Once upon a time, a fair number of Americans thought the country might have to abandon democracy. In June 1932, during the worst days of the Depression, the magazine Vanity Fair pleaded: “Appoint a dictator!” Just before Franklin D. Roosevelt took office, the movie “Gabriel Over the White House” depicted how a fictional president solved the economic crisis and brought world peace — by imposing one-man rule. It got good reviews and did well at the box office.

Notwithstanding all the troubles of recent years, we seldom hear explicit anti-democratic sentiments anymore. (One exception is Woody Allen, who wished that President Obama “could be a dictator for a few years because he could do a lot of good things quickly.”) In “Democracy Despite Itself,” Danny Oppenheimer and Mike Edwards explain why: In short, democracy works. Countries that decide things through elections have more freedom and a higher quality of life than those that don’t.

The authors acknowledge that democracies have sometimes failed in their basic functions. But they also cite abundant evidence that nondemocratic regimes are much more likely to restrict speech, ban “unapproved” religions and throw people in jail without due process of law. Contary to myth, dictatorships do not compensate for these failings by making the trains run on time. Oppenheimer and Edwards explain that democracies not only secure more freedom, they tend to deliver better public services.

Oppenheimer, a professor of psychology at Princeton, and Edwards, a political blogger, describe the complex paradox behind this simple conclusion. Success comes from a system that seems perfectly designed to fail. As anybody who has ever worked in a campaign can attest, voters do not always think clearly about politics. In spite of the huge mass of information available, people have only the haziest understanding of what their government does and how it works. Problems such as gerrymandered legislative districts and confusing ballot design make it hard to translate popular opinion into public policy. And democratic politicians can be sleazy, unprincipled or just dumb.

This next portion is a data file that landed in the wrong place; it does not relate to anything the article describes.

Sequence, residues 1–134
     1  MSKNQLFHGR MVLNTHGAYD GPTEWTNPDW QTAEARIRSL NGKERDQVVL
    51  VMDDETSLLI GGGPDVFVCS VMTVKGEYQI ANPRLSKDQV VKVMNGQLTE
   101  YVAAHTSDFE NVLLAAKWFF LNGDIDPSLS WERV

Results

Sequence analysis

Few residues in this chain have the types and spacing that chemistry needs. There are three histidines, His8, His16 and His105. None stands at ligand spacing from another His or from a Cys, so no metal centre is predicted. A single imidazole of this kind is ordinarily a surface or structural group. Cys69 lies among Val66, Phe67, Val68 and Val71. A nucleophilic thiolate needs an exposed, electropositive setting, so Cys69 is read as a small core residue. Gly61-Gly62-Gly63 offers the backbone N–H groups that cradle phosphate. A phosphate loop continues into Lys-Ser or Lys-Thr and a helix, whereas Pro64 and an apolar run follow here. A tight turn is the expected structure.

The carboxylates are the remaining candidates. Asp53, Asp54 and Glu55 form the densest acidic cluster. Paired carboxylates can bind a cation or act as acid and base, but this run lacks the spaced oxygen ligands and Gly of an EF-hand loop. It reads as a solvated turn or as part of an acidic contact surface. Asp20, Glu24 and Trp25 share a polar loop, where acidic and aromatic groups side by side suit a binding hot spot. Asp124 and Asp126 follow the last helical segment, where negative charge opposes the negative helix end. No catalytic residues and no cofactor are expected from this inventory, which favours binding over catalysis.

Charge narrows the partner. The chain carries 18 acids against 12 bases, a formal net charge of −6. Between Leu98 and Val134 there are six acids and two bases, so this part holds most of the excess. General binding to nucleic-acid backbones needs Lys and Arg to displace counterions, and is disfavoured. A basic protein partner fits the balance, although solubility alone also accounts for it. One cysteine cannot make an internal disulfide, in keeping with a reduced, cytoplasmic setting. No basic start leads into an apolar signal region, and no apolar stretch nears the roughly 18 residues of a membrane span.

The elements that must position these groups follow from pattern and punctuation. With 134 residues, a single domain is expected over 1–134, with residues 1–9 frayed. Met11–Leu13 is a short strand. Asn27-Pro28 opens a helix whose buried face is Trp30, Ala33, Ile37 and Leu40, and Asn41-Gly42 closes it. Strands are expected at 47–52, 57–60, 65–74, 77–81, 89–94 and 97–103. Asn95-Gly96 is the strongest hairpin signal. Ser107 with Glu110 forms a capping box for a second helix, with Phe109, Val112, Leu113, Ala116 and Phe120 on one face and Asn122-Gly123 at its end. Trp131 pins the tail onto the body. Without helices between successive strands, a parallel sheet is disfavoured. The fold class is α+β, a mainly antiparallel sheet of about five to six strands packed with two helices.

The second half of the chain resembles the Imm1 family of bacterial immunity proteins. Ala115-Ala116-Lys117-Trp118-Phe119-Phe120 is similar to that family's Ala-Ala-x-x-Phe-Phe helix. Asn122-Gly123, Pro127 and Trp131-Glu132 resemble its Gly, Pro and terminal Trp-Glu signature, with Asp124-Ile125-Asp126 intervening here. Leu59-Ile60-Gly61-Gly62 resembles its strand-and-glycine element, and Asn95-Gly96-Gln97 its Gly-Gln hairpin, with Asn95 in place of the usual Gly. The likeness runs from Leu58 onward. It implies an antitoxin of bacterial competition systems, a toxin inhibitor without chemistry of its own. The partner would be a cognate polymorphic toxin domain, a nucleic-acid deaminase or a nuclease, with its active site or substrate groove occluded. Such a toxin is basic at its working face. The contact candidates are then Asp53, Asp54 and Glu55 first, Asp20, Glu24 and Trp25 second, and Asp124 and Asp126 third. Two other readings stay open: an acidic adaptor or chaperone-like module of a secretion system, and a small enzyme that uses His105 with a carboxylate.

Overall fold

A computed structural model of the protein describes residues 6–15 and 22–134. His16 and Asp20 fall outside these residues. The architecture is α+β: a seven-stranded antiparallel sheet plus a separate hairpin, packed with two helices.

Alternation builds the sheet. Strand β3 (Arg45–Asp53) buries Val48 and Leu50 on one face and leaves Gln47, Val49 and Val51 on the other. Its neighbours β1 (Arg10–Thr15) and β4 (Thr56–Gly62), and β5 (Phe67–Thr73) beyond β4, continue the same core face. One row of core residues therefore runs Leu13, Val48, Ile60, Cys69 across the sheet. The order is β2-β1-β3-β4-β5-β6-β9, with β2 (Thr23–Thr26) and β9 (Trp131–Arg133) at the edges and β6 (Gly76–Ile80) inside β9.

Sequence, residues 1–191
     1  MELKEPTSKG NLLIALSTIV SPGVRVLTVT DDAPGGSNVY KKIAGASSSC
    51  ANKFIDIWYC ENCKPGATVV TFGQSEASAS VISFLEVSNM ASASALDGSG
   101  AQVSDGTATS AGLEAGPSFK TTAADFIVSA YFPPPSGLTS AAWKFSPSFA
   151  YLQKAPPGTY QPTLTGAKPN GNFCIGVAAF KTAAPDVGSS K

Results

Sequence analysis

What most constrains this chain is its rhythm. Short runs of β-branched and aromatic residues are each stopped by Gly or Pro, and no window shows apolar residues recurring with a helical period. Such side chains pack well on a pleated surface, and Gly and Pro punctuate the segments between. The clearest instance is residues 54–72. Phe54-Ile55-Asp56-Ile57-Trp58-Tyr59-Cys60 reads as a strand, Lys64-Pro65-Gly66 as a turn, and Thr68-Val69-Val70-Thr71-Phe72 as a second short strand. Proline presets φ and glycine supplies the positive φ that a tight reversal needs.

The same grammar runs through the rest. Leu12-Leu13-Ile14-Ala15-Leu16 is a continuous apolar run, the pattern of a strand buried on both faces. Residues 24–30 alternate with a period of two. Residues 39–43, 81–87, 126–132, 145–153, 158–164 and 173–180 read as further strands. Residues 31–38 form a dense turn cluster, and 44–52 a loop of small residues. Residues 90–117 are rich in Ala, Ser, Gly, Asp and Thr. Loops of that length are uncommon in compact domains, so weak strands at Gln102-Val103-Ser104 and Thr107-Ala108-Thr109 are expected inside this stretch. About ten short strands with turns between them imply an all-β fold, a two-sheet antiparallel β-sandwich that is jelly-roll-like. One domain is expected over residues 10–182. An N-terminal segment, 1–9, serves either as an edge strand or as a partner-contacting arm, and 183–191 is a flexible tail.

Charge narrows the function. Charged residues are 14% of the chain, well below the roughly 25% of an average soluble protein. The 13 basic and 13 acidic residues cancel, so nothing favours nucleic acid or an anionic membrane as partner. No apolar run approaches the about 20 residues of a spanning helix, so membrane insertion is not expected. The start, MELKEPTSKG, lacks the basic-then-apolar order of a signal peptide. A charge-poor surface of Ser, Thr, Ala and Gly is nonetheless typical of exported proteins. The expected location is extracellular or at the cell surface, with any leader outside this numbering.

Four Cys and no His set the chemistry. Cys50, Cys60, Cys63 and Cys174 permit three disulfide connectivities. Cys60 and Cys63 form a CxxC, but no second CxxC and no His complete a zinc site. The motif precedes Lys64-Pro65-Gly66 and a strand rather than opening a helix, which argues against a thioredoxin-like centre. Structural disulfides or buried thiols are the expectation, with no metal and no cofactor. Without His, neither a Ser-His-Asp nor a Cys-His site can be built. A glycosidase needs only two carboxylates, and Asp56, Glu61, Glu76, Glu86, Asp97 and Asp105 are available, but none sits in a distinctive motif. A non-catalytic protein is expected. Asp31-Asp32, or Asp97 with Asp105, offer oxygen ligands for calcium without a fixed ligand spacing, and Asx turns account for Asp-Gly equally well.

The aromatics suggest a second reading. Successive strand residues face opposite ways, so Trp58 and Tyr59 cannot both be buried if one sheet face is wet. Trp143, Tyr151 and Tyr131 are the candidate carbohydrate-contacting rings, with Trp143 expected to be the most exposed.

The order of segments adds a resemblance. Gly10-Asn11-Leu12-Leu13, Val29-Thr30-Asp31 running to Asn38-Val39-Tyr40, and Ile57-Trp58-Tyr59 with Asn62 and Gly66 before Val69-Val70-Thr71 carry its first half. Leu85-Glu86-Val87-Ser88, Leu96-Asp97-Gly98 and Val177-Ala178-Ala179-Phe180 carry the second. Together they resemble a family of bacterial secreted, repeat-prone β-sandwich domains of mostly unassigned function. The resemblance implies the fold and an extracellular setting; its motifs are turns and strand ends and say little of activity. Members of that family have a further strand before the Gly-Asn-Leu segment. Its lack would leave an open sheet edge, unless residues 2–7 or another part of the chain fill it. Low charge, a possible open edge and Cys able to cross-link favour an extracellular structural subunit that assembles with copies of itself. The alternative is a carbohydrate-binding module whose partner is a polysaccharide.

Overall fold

Drawing on research from a variety of fields, the authors ably explain how regular, contested elections enable democracies to transcend these obstacles. When people vote, they become “invested in democracy” and thus are more likely to take part in other forms of civic engagement. Although voters pay only sporadic attention to issues, politicians can never be sure which issues will drive the next election. “This uncertainty, in turn, forces politicians to try to develop policies that benefit all voters and not just themselves.” Elections also serve as a check on misconduct. The authors mention Rep. William Jefferson (D-La.) — whom the FBI caught with bribe money in his freezer — to show that seemingly entrenched incumbents can still lose if they behave badly enough.

’Democracy Despite Itself: Why a System That Shouldn't Work at All Works So Well’ by Danny Oppenheimer and Mike Edwards (MIT Press)